If this were put in a different perspective, the conclusion would be that Obi was, perhaps, a very lazy governor, if saving at the risk of other demanding challenges was his biggest achievement. Although the monster of the dispute that greeted the exact amount he allegedly left behind would not go away because there was no transparency ultimately, whatever was however left, Obiano put it to work immediately and today, Anambra is better for it, no doubt. Not because Obi saved up for the state but because a better manager of resources assumed office. If anything, making Obiano to succeed him should be ticked as Obi’s biggest achievement.
Obi is better off a treasurer and should not have left the banking hall in the first place since saving is his calling. Like it or not, there will always be waste in government, the same way it is at the family level. The degree of the waste must however be defensible and what an average person can gloss over. That should have formed the crux of his delivery and would have been able to make a lot more sense, interfacing.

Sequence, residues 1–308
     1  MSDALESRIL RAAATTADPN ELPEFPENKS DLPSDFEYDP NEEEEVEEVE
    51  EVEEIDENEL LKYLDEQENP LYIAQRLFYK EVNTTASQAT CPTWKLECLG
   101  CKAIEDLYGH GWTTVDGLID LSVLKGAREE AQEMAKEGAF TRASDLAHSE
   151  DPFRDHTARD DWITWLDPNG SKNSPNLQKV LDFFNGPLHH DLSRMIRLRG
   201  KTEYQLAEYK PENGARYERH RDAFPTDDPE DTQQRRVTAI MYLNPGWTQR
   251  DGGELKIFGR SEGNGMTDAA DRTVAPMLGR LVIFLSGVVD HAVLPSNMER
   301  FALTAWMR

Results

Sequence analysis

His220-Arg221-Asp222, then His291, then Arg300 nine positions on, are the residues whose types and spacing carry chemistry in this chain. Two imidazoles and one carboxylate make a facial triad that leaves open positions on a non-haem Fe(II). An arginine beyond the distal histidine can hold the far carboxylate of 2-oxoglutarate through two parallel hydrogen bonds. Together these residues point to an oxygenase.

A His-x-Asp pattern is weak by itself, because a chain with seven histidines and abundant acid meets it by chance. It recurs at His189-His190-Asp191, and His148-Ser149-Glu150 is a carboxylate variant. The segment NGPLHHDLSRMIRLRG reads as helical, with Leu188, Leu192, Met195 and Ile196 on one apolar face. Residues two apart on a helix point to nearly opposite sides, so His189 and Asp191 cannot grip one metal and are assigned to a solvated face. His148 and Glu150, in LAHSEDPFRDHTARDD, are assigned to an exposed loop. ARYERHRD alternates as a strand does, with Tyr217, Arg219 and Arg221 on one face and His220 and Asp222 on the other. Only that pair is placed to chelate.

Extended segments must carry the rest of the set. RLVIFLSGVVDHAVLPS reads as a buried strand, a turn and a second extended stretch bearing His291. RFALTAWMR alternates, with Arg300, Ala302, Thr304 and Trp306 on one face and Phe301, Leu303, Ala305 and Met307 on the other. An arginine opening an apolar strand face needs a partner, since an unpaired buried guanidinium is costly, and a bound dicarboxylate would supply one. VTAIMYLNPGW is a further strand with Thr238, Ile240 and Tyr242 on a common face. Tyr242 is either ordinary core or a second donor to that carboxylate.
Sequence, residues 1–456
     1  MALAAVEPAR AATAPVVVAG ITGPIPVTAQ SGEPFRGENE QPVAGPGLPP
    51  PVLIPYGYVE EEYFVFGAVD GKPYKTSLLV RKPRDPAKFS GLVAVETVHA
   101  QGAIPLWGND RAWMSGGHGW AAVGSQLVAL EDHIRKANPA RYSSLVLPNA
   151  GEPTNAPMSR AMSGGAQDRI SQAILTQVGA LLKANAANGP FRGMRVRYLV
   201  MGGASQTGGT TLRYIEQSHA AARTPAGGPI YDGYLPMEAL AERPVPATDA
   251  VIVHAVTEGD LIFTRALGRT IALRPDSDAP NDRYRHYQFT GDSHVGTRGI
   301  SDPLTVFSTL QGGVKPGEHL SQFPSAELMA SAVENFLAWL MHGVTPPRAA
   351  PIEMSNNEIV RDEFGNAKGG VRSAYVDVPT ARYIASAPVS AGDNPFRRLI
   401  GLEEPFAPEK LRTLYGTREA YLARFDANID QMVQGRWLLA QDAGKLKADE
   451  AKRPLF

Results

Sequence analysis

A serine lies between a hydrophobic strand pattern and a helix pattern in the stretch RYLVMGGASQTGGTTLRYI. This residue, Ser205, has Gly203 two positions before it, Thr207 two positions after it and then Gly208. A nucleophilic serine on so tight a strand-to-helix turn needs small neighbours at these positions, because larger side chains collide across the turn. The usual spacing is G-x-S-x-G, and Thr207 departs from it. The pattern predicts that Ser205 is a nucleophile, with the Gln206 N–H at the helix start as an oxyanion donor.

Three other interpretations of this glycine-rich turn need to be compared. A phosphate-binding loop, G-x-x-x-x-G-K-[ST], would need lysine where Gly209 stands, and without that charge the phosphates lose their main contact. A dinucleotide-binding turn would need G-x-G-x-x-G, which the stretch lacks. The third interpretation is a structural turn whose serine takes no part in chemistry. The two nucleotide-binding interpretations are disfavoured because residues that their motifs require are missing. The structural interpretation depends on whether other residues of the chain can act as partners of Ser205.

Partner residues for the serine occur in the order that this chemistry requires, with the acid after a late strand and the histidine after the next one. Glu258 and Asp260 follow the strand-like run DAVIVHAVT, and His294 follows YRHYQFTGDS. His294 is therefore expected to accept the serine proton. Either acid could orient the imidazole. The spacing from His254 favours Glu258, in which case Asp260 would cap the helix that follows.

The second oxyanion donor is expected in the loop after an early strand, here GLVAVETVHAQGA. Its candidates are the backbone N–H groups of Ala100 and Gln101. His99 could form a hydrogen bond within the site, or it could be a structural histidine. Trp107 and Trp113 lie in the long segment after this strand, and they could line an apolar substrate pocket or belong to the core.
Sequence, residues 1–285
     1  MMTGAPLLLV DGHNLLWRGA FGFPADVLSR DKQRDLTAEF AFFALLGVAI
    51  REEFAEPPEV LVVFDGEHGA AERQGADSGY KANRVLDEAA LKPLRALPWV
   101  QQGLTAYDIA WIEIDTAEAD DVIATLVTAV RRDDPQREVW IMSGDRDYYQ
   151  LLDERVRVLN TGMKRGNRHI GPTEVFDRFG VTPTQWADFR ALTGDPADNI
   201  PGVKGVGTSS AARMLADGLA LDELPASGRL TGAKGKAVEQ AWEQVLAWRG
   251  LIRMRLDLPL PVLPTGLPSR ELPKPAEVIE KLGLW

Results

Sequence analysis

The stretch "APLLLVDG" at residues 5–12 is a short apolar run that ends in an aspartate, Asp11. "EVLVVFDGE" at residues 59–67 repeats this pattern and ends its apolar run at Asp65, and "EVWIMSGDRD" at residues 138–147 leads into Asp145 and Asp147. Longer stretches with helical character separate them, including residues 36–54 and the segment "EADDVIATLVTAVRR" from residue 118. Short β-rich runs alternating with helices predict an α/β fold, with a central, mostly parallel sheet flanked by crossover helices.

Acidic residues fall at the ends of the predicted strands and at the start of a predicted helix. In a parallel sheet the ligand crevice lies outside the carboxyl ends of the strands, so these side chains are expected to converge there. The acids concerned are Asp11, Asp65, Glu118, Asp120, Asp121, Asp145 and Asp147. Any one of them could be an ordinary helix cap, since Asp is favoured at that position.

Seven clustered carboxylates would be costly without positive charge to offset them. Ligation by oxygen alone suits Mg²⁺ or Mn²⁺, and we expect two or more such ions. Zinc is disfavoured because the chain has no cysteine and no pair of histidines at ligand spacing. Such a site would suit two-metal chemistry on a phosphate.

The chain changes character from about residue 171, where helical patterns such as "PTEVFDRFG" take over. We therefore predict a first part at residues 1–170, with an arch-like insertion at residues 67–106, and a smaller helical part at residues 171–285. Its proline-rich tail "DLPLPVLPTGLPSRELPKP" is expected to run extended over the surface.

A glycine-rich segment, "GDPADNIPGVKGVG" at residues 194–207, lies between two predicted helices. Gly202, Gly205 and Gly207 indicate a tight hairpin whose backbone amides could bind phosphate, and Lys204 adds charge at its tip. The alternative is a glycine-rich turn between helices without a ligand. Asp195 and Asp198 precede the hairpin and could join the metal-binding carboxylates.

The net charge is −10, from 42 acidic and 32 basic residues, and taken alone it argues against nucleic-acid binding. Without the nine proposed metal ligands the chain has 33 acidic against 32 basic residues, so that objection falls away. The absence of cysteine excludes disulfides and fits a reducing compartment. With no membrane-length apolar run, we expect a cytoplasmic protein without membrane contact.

A governor, who would rather cross over to the hotel adjacent the Government House for a N5,000 buffet than give his cook N30,000 naira to cook for the entire family, certainly, does not have a grasp of the weight and challenges of his office, hence he could bounce off such inane idea and be applauded as if he was addressing a kindergarten class gathering.
The issue is one of materiality. But to think there won’t be waste in government, come off it. Even in family, there is always waste. In discussing Nigeria, you must learn to discuss how you manage the homes too because Nigeria is no less a family, both in conception and composition.